Saturday, March 27, 2010

Sparkling Vine

Last October on one of the last really nice, warm autumn days I went looking for abstract oil painting inspiration in our local park. In the planted formal garden, most of the flora was already dead or dying, but I noticed that with the leaves withering one could more clearly see the "skeleton" of  the bare plants which was perfect for organic abstracts. And in this particular case it was also casting an interesting and tangled shadow against a wall and some steps.

Ever since I was quite young, I've loved to paint interwoven organic shapes. My brain finds it very soothing, like a giant puzzle--maybe it's the organizing of nature's chaos. It's the kind of painting where I just let my "art brain" take over and I'm just along for the ride. So these nature-inspired abstract paintings are always a bit of surprise even to me when I'm done.  Because of the linear nature inherent in vines, twigs, branches, etc. like to start these paintings with a very gestural drawing sometimes with a brush but this time I used a dark blue oil pastel on a 18 x 18 canvas panel.

Speaking of panels, I'm hoping tomorrow will be warm enough to start making some GM (gessoed masonite) panels. While these can be a bit of a pain to make--run to Home Depot, cut them, gesso, dry, gesso, dry, etc.  But, if you tend to be a frugal artiste as I am, these "homemade" panels are a fantastic deal (a 24 x 48 board is less than $4).  GM panels are one of my favorite painting surfaces for oils and acrylics, particularly for abstracts and mixed media where you need a sturdy smooth surface that stands up to stamping, glazing, stenciling, leafing, collage, etc.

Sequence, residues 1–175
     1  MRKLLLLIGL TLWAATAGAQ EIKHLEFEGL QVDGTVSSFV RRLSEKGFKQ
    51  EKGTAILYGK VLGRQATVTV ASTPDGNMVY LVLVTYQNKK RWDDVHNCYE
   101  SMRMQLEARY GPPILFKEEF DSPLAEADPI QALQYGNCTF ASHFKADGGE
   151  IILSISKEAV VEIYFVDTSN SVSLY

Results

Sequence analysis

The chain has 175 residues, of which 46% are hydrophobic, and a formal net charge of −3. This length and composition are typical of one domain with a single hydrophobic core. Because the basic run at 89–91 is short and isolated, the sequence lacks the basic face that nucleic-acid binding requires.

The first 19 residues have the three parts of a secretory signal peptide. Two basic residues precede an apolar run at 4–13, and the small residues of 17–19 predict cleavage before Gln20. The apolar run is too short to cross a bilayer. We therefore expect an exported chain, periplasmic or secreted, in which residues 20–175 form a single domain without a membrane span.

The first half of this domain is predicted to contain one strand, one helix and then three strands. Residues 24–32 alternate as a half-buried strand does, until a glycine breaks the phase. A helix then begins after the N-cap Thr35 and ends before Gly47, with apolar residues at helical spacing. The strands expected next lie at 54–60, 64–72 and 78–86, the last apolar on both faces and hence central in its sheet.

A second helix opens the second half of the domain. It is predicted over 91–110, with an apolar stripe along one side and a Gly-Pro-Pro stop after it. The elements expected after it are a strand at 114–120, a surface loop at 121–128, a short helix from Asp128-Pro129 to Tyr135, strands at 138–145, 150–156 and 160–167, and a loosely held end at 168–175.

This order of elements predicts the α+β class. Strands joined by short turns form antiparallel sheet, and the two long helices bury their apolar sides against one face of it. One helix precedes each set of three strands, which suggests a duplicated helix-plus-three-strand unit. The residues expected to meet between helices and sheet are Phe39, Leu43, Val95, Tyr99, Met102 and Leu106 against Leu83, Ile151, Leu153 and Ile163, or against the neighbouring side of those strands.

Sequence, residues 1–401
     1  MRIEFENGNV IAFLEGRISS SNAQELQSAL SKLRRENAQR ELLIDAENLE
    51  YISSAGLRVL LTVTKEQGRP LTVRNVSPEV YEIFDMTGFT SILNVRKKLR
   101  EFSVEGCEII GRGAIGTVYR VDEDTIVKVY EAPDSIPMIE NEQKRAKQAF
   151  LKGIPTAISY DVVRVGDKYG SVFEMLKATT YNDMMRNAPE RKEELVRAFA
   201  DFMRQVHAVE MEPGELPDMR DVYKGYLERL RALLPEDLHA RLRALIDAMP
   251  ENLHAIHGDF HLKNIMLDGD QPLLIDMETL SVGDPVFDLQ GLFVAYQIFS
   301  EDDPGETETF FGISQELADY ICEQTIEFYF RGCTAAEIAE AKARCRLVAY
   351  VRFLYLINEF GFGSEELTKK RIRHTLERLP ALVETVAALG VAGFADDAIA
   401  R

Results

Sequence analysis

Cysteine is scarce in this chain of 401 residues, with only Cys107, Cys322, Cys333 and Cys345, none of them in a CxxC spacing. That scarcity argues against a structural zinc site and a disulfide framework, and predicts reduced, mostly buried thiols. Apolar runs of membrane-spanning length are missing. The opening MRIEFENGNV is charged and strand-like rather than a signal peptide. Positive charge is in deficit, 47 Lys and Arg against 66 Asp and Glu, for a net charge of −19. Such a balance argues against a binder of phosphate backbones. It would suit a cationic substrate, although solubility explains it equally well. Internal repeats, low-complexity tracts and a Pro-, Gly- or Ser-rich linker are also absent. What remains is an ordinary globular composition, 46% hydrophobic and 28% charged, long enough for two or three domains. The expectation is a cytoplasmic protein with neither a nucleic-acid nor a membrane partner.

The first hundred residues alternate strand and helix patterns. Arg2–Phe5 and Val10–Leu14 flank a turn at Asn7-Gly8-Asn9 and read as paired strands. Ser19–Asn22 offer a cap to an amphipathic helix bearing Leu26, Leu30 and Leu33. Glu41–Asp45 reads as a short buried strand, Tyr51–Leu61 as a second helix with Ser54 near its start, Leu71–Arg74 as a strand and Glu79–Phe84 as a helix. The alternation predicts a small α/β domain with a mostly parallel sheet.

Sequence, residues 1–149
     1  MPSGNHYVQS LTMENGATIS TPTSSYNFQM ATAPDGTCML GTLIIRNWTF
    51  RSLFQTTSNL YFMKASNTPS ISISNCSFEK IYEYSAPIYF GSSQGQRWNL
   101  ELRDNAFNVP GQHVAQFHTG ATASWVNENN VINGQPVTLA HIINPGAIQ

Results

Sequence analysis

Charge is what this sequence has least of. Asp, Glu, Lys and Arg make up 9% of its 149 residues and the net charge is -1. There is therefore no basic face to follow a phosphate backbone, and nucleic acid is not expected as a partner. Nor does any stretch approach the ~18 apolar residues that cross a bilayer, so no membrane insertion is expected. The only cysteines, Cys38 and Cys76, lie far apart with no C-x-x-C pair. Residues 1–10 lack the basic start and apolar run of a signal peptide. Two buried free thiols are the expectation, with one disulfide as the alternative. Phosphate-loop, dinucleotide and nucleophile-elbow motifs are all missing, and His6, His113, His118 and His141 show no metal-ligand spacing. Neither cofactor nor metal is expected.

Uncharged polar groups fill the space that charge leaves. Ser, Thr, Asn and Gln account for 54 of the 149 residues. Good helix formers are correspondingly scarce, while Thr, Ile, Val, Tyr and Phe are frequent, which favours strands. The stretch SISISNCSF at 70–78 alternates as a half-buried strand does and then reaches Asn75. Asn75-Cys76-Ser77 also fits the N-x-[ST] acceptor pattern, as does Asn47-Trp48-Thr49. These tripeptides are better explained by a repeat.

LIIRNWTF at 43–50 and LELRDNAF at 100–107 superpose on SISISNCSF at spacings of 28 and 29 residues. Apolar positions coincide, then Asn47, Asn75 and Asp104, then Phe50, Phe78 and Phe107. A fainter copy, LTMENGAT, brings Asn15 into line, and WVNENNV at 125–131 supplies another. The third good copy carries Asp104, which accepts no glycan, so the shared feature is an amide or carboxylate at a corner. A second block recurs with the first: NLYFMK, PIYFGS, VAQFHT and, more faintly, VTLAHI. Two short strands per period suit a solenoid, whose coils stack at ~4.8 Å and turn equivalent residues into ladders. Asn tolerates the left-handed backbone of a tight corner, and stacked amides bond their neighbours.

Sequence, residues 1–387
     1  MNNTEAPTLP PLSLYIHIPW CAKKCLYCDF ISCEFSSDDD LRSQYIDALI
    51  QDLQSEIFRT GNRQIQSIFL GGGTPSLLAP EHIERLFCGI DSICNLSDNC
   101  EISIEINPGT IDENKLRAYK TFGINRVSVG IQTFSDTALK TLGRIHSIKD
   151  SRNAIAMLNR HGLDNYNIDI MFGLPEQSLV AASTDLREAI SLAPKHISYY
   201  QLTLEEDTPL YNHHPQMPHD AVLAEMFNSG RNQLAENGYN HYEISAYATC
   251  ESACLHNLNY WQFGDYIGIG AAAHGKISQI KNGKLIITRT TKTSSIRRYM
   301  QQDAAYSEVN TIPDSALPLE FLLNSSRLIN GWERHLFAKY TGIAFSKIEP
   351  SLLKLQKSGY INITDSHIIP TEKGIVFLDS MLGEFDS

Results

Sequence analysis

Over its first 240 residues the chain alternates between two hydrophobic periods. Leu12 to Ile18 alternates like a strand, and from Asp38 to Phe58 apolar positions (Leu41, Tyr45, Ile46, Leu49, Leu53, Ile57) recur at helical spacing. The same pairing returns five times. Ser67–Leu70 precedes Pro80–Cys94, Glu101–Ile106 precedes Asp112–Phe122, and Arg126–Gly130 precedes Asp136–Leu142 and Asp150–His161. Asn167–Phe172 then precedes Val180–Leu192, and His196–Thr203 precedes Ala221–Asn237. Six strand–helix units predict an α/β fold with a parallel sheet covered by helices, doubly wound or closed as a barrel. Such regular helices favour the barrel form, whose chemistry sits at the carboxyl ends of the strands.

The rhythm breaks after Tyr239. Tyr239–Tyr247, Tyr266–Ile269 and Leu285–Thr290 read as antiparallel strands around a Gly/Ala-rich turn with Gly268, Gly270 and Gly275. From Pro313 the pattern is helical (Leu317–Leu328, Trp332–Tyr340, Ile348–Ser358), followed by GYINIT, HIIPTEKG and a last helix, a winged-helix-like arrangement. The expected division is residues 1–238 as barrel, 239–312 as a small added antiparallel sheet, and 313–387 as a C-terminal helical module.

Perhaps best of all, one can cut these panels to any size you desire. Which is perfect for those bizarre, non standard frames that always seem to be lurking in studio corners. Yes, you can buy these gesso panels online or at most arts stores now--but they are relatively expensive and for me I find the surface is too slick and smooth.

For the rest of your weekend I'll leave you with one of my favorite art quotes--it's actually from architect Frank Lloyd Wright--but I think it absolutely applies to learning and teaching art as I do:  Talent is good, practice is better, passion is best. 

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